MANY ISSUES Some dairy goat producers want leg bands instead of ear tags and there are different methods for reporting and recording of animal movement, and retiring tags
A traceability program for goats is coming, and now is the time for producers to give their input on how the system should operate, says the general manager of the Canadian National Goat Federation.
“Traceability and animal identification are almost non-negotiable right now,” Jennifer MacTavish said at the recent Alberta Goat Breeders Association conference.
“Our role is to get a traceability and an animal identification program that will work for the goat industry.”
The sector is one of the last groups to get a traceability system, and the current voluntary tag program operated by the federation will eventually become mandatory, said MacTavish. The federation is working with Ketchum Manufacturing to test three different types of tags. All three types come with a tag assessment form, she noted.
“Now is your chance to get yourself heard and give feedback to us,” MacTavish said. “I really encourage you to start tagging your goats.”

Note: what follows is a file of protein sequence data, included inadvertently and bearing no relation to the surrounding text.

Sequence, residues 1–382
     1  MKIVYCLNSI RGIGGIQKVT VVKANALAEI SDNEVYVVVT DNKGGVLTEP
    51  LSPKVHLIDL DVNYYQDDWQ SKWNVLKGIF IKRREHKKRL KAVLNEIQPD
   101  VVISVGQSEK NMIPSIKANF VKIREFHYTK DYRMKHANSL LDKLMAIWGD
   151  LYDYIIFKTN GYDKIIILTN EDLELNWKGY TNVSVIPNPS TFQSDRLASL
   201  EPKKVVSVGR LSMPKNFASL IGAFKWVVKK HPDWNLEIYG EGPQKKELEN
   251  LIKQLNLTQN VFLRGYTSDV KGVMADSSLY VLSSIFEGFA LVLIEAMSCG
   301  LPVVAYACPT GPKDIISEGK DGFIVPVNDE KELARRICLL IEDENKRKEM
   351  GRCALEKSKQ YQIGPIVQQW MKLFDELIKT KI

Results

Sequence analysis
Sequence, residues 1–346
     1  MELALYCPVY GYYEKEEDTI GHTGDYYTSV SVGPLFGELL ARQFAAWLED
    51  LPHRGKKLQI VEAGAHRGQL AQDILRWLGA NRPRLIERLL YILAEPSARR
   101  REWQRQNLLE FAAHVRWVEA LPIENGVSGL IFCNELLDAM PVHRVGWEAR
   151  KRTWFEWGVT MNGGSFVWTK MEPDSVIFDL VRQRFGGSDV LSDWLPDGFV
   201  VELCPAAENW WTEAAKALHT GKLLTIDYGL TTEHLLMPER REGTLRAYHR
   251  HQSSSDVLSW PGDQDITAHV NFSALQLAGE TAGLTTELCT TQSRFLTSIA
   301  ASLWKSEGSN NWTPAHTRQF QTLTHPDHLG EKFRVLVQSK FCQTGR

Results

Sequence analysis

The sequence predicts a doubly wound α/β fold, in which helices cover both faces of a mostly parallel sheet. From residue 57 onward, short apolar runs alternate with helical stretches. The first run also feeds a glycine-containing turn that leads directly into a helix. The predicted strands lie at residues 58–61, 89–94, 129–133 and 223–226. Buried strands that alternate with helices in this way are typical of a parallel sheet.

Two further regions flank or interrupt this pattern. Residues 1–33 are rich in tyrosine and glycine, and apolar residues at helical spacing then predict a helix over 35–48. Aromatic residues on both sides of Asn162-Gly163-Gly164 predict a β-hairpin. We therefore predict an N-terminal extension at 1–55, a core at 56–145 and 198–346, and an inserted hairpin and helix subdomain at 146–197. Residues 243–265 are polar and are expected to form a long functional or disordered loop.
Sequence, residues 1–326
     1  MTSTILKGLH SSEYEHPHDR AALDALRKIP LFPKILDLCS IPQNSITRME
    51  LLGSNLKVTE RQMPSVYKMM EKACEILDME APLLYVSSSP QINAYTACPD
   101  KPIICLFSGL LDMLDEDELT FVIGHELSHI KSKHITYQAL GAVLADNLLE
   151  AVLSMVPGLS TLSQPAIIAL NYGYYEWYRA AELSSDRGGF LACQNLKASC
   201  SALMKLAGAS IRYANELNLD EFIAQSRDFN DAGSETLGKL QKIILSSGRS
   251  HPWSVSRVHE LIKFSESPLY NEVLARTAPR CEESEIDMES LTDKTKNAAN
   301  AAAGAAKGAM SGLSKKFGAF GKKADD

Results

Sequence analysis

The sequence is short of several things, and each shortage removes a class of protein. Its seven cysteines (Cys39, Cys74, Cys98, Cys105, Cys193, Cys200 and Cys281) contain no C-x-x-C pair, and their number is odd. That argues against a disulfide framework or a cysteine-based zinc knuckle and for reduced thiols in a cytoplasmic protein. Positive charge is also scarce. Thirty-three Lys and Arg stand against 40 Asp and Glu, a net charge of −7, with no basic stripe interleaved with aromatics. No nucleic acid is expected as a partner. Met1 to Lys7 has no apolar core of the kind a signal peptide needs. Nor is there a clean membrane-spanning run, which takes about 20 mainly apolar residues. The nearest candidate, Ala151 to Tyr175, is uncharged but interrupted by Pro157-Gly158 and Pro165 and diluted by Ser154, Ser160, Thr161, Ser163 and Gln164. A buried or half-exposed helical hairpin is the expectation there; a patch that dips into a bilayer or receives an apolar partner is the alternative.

Traceability ensures animals can be accounted for in case of an emergency, including fire, a natural disaster, or an animal disease outbreak.
“If the processing plant needs to do a recall or there’s another issue and we need to know where animals are, it will benefit the chain,” she said.
Traceability will boost consumer confidence in the goat sector, and other livestock groups have used animal identification and record-keeping to improve management decisions and herd productivity, she said.
But there are different ways to create a system, she added. For example, some dairy goat producers would like leg bands instead of ear tags to identify their animals and the federation is currently evaluating this option. This sort of feedback is critical as the federal government will soon be drafting traceability regulations for the goat industry, she said.
“We’re going to need producers to comment on these regulations so we can build a traceability program that works for you,” MacTavish said. “We really need you around the table, we need your input and we need to know what’s going to work on the farm for you so that we can do our jobs better.”
Other issues that need to be considered are the reporting and recording of animal movement, and how tags are retired when an animal dies.
Goat producers who want more information or who want to join the voluntary tag program can find more information at www.cangoats.com.